Tag Archives: ESRI

Crime Hot Spots and Risk Terrain Modeling

abmpegasus-intelligence-led-policing
A typical ‘hot spot’ in crime analytics

By Tyler Wood, Operations Manager at Crime Tech Solutions.

One of the many functions crime analysis performs is the identification of “hot spots”, or geographical areas that seem to be hubs for criminal activity. Identifying these hot spots through best practices in geospatial crime mapping allows law enforcement to focus their efforts in areas that need them most. The trouble that law enforcement and crime analysts have encountered is displacement – the fact that once a hot spot is “cleared”, crime seems to pop up again in a different location. The good news is that the displacement is never 100%, so policing hot spots is important – it’s just not a magic bullet.

To solve this problem, a team at Rutgers University’s School of Criminal Justice set out to develop new methodologies that would result in peaceful outcomes that are built to last instead of merely temporary.

The difference between the old approach and the new approach is stark. Where police and analysts used to focus solely on geographical concentration of crimes, Risk Terrain Modeling examines the factors that contribute to such dense concentrations to begin with. Rutgers team have identified several characteristics of any given geographical location which may attract or generate crime. Their technology takes these characteristics, which include socioeconomic data, physical layout, types of local businesses, etc… and uses them to calculate the likelihood crime occurring in the area. This allows law enforcement to be proactive in the prevention of crime in these areas.

CrimeMapLite
Advanced crime analytics show statistically significant risk factors.

The technique seems to be highly effective. After a trial run in New Haven, CT, police were able to identify sixteen “statistically significant risk factors that underlie violent crime occurrences.” A high percentage of violent crime in New Haven during the test period occurred in locations already identified by the concept of risk terrain modeling. Though the technology is still new, it is clearly showing impressive results already.

Shutting down hot spots is important policing, and risk terrain modeling technology allows analysts and law enforcement officers to be even more proactive in their prevention of crime.

The author, Tyler Wood, is head of operations at Austin, TX based Crime Tech Solutions – an innovator in crime analytics and law enforcement crime-fighting software. The clear price/performance leader for crime fighting software, the company’s offerings include sophisticated Case Closed™ investigative case management and major case management, GangBuster™ gang intelligence software, powerful link analysis software, evidence management, mobile applications for law enforcement, comprehensive crime analytics with mapping and predictive policing, and 28 CFR Part 23 compliant criminal intelligence database management systems.)

CrimeView and TriTech – Concerned? Maybe you should be.

Posted by Tyler Wood, Operations Manager at Crime Tech Solutions

keep-calm-and-investigate-on-7In the release of a not so well-kept industry secret, Trimble (NASDAQ: TRMB) finally announced this week (February 29, 2016)  that it has sold The Omega Group assets to TriTech Software Systems, a leading provider of public safety software. The Omega Group is a large provider of crime mapping software, known for its popular CrimeView™ desktop software and the http://www.crimemapping.com™ website which allows agencies to present crime statistics to the public in a heat map format.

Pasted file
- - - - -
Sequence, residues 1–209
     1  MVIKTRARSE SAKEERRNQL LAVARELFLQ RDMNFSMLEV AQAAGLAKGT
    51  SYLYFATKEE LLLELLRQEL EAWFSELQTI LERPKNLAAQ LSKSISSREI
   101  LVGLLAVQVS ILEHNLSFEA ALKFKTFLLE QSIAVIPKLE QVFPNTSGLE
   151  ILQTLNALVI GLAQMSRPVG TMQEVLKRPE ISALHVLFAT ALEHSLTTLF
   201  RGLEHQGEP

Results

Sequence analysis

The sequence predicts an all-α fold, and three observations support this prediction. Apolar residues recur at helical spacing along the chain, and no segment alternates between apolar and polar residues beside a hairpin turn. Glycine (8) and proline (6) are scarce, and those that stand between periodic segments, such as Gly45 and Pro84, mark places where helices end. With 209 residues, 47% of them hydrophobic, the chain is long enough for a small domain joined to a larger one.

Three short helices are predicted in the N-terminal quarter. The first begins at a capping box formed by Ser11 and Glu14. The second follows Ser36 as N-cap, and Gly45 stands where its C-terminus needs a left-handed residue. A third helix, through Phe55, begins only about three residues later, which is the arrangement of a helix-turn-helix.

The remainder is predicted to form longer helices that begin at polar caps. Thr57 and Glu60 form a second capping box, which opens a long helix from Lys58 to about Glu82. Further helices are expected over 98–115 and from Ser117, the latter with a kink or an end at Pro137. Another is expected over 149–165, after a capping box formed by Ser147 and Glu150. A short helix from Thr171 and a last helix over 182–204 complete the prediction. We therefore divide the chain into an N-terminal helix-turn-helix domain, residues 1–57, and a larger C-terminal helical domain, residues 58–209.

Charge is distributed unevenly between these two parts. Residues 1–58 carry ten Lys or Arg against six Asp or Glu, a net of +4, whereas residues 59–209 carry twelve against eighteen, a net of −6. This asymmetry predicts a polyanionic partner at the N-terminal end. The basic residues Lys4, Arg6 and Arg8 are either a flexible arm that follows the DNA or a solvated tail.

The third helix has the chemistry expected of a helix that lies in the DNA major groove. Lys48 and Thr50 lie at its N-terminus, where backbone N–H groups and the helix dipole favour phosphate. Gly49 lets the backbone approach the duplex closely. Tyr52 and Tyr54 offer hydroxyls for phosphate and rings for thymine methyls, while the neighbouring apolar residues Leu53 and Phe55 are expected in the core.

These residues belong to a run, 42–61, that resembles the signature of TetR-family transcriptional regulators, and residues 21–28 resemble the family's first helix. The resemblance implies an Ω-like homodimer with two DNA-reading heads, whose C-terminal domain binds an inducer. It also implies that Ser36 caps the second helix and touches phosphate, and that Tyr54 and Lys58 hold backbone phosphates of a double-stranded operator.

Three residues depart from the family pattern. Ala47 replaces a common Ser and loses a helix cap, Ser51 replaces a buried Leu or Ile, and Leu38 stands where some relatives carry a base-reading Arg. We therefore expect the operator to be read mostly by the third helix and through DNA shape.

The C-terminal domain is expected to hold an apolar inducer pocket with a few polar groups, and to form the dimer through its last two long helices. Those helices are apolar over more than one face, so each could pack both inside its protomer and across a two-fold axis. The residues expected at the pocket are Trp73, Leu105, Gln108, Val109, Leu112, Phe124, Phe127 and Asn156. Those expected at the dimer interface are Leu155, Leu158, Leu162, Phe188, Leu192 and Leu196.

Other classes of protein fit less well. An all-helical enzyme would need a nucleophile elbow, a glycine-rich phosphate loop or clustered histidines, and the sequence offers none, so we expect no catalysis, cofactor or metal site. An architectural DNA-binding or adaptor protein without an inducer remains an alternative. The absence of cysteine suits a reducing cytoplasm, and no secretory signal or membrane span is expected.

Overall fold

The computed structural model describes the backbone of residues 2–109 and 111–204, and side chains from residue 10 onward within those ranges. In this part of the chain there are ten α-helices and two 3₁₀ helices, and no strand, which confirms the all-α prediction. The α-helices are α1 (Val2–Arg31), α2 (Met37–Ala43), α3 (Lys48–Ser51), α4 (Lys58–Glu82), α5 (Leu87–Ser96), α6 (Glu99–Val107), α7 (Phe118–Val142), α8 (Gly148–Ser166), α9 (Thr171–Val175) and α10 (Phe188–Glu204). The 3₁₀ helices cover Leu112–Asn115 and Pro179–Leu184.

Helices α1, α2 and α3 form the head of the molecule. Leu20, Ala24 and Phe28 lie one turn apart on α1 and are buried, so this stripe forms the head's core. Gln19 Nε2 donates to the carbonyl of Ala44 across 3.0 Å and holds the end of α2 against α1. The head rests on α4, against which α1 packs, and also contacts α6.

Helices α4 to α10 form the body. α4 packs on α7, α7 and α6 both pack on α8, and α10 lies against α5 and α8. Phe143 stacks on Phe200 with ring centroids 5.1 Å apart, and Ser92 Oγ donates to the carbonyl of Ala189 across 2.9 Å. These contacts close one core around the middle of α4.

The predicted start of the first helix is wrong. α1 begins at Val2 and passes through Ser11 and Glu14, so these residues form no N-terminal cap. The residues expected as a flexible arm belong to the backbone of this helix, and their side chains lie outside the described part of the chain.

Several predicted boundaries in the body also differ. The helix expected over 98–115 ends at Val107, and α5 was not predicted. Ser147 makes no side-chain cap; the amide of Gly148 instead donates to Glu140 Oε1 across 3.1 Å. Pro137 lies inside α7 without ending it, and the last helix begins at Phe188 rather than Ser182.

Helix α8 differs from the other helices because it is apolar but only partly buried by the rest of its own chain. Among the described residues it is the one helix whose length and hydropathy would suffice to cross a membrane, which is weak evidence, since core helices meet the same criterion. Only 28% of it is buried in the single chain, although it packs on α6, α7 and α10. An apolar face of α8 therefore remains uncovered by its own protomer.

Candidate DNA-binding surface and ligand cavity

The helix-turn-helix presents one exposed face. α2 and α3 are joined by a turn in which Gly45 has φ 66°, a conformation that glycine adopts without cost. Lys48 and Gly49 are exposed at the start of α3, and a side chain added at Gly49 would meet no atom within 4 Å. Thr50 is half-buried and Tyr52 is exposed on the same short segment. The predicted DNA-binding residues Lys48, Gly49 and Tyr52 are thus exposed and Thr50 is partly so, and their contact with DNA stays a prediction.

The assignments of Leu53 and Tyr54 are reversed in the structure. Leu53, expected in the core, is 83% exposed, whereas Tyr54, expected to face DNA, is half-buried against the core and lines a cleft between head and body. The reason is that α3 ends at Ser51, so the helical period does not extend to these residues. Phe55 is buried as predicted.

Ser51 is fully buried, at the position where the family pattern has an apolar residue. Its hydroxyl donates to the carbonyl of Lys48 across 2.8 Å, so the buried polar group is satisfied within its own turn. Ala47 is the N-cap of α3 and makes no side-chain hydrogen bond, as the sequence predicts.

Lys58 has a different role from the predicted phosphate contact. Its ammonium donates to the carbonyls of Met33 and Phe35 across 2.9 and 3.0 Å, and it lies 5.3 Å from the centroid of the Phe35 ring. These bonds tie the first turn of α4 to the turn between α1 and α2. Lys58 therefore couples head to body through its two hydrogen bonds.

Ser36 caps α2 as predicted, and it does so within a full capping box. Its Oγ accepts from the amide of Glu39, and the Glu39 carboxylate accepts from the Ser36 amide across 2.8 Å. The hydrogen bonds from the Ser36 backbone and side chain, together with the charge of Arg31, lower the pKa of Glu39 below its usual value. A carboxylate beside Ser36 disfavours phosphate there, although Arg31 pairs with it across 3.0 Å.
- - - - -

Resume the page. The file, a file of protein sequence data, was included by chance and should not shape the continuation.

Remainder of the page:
According to the press release, TriTech intends to grow the acquired business as part of its public safety portfolio. Financial terms of the sale were not disclosed.

So, TriTech continues its acquisition strategy… having already acquired Visionair, Tiburon and Information Management Corp (IMC) over the past decade. Visionair and Tiburon were providers of Records Management Systems (RMS) and Computer Aided Dispatch (CAD) systems for law enforcement.

The previous acquisitions made a great deal of sense for TriTech, as well as the companies being acquired. Most importantly, those acquisitions had no negative affect on the most important group of all – the users and customer base. The acquisition of The Omega Group and CrimeView, however, not so much.

The Omega Group has long been close partners with ESRI®, by far and away the leading developer of GIS mapping technology anywhere. That relationship with ESRI had helped Omega grow into the market force it has become. Of equal importance to that success, however, was the positioning that Omega Group – and their suite of crime map products – were data agnostic and would work with a wide variety of RMS and CAD systems.

Under TriTech’s ownership, however, I don’t see how that ‘impartiality’ continues. TriTech’s previous acquisitions have quickly blended into part of an overall powerful suite of tools – perhaps second to none in the industry – that they market so successfully. Why would we not expect CrimeView et al to follow the same path?

If you’re a current TriTech customer, the acquisition probably has little or no affect on you. Perhaps there’s even an upside as they work to integrate the crime mapping offerings into their other solutions further.

If you’re NOT a TriTech customer, however… well, this is not so good for you. It’s not unreasonable to expect that the company will continue to support third party RMS and CAD implementations for some period of time, but I expect the crime map products to grow in functionality specifically in line with TriTech’s own product set.

Here are our concerns:

  1. As a user of Omega Group products do you have reason to be concerned that support and development for you will slowly phase out? I’d think so, as TriTech is in the business of selling RMS and CAD solutions.